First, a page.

The Marco Island City Council began Monday, September 20, with a workshop to continue review of the documents it will submit to the State of Florida as its final draft of the 2021 Comprehensive Plan for the city. That document will provide a community overview of plans for the future of the city.
The plan will address water and wastewater needs for the community, provisions for recreational requirements, our vision for future land use, infrastructure requirements including the roads we drive on, and many other elements needed for a well-planned community.
The purpose of the document is to provide a blueprint for the community which will provide stability through the next 20 years, or until 2040, when a city council at that time will review and plan for the ensuing 20 years.
The Monday morning workshop brought out approximately 30 to 40 residents to listen to the seven councilors, city staff and the FGCU consultants discuss a line-by-line review of the document.
One part of the document of particular concern to residents dealt with density and whether it will be increased under the new plan. Although those numbers have been shown to stay the same as the existing plan, the issue of “bonus density credits” was the focus of certain council members and the public.
Former councilor Howard Reed testified that the concept of “bonus density credits” was created to help stabilize economic growth during a downturn in the economy. He felt that this was not needed now.
Councilman Brechnitz was concerned about maintaining control of those numbers, especially after no one on staff could explain exactly how many of those credits exist and how they could be tracked.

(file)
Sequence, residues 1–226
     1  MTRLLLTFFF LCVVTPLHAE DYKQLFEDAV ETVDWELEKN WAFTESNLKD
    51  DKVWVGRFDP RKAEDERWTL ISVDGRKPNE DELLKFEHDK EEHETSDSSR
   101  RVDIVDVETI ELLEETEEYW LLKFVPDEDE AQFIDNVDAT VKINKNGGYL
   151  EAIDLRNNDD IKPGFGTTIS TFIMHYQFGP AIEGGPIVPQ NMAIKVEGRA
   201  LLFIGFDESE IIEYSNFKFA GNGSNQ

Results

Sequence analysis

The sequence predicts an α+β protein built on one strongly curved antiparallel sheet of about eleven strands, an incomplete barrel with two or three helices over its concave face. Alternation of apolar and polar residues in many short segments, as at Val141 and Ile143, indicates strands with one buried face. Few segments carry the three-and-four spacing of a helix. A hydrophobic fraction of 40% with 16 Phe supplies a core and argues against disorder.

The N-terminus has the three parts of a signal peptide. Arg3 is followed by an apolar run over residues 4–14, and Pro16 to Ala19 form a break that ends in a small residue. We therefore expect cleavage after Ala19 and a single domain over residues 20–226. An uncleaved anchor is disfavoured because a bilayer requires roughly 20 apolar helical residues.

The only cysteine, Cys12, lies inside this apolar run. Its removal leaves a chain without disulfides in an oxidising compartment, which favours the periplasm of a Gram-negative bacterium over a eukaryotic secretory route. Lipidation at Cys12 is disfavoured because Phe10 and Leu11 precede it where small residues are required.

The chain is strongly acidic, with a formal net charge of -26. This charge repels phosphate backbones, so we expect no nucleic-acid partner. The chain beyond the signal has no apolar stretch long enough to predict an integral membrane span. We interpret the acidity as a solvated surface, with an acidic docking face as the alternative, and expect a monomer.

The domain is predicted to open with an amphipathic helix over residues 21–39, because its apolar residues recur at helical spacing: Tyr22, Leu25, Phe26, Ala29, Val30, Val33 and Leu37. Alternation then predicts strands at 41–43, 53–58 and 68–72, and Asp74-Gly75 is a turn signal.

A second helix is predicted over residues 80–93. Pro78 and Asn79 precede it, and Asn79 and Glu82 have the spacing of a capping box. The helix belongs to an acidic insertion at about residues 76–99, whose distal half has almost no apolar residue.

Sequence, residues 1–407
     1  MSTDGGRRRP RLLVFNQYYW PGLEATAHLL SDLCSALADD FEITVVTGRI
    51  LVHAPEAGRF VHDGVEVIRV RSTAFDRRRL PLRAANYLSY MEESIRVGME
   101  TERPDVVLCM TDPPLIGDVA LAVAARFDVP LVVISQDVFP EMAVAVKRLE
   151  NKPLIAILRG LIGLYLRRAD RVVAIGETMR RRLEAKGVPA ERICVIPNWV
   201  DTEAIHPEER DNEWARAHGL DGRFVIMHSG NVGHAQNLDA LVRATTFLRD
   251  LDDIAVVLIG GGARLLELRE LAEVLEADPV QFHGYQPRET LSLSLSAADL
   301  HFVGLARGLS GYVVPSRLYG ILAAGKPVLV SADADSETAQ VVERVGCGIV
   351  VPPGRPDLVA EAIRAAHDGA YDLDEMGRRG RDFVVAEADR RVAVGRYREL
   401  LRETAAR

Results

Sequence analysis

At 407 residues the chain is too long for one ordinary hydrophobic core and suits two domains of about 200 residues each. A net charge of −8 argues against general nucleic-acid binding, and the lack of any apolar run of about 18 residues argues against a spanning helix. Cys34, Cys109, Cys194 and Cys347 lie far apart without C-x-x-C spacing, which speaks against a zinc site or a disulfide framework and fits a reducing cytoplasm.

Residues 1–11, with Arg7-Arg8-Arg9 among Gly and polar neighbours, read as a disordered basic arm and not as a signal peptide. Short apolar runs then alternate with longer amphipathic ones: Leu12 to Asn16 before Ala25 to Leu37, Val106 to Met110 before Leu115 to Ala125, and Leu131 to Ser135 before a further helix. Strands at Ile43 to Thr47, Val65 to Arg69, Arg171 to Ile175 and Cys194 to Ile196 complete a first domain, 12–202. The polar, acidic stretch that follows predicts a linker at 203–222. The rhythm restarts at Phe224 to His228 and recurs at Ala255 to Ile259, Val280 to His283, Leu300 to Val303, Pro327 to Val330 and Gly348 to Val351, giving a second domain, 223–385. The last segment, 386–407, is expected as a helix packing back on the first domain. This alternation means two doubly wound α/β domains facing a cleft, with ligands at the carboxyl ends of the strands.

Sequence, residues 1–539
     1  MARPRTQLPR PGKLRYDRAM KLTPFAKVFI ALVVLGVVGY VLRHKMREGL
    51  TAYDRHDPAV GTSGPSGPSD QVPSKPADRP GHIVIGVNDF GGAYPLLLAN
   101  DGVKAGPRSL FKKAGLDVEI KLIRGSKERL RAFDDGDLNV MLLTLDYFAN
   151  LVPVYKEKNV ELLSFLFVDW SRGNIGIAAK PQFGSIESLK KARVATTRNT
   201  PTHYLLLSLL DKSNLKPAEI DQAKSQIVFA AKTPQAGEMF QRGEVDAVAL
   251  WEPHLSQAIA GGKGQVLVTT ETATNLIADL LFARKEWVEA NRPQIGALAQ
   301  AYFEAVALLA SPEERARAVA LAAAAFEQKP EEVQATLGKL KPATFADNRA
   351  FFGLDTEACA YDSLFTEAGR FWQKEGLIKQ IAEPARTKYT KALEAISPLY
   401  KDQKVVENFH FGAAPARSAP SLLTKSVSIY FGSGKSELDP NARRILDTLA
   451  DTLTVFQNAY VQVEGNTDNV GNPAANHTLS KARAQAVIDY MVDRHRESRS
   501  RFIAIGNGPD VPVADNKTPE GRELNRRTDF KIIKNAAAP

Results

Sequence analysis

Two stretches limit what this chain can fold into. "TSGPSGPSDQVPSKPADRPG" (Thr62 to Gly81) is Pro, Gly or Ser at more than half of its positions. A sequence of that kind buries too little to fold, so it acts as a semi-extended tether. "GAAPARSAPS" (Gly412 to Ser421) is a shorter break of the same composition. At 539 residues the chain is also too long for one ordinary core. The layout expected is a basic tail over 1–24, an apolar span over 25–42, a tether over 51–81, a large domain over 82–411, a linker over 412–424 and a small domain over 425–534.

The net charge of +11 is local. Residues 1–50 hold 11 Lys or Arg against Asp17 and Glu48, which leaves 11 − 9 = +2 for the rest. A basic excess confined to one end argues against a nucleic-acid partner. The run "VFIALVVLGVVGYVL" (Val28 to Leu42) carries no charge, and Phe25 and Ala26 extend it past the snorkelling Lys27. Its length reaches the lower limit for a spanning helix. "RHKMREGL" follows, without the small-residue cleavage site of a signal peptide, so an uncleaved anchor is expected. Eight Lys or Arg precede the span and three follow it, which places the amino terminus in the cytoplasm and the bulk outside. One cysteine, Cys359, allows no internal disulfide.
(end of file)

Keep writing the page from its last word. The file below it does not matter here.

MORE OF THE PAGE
In the end, the council chose to eliminate the concept of the bonus credits and stick with the total density number established in the 2009 plan.
Another area which they felt needed clarification was wording concerning public transportation. The members felt this was a county obligation, and therefore strengthened the wording dealing with that.
Former Councilman Bill Trotter complimented council, but warned that more was needed to be done.
“Please slow down and go back to the housing element of the plan,” said Trotter.
Ed Issler echoed Trotter’s call for a more studied review of the plan. “The State of Florida has given us 180 days to respond with our final plan. The state considers public input a very important part of the process,” he said.
Council reconvened in chambers at 5:30 pm and first heard from County Commissioner Rick LoCastro, who addressed the controversy swirling around the Collier County Parks and Recreation Staff’s review of how to deal with overcrowding at county boat launch facilities, especially the one here on Marco Island at Caxambas Pass.
LoCastro sought to calm fears that commercial recreational vendors might have restrictions placed on them next year, thereby crippling their businesses. He promised he would be finding an amicable solution.
Harper Report Reviewed
No one believed there would be a magic silver bullet found in the Environmental Research and Design (ERD) Report on the status of water quality in and around Marco Island, and they weren’t surprised. Councilors listened intently as Dr. Harvey Harper explained some of the findings as he did a quick overview of the 500-plus pages of data.
Yes, we have high levels of phosphates and nitrates in the waters around Marco Island, the sources of which can be tied back to fertilizers and chemicals being used to keep our lawns green and beautiful. The “reuse water” that we sell to condominiums and golf courses is another source of those high numbers.
The high numbers impacting the quality of water in our waterways are not just in our canals, but also are found out in the Gulf of Mexico and are present in the water surrounding Marco Island.
The next step will lie in how we deal with the data that the ERD report provides to the community. An in-depth review of Harper's conclusions needs to be completed before council tackles some of the tough choices in coming months.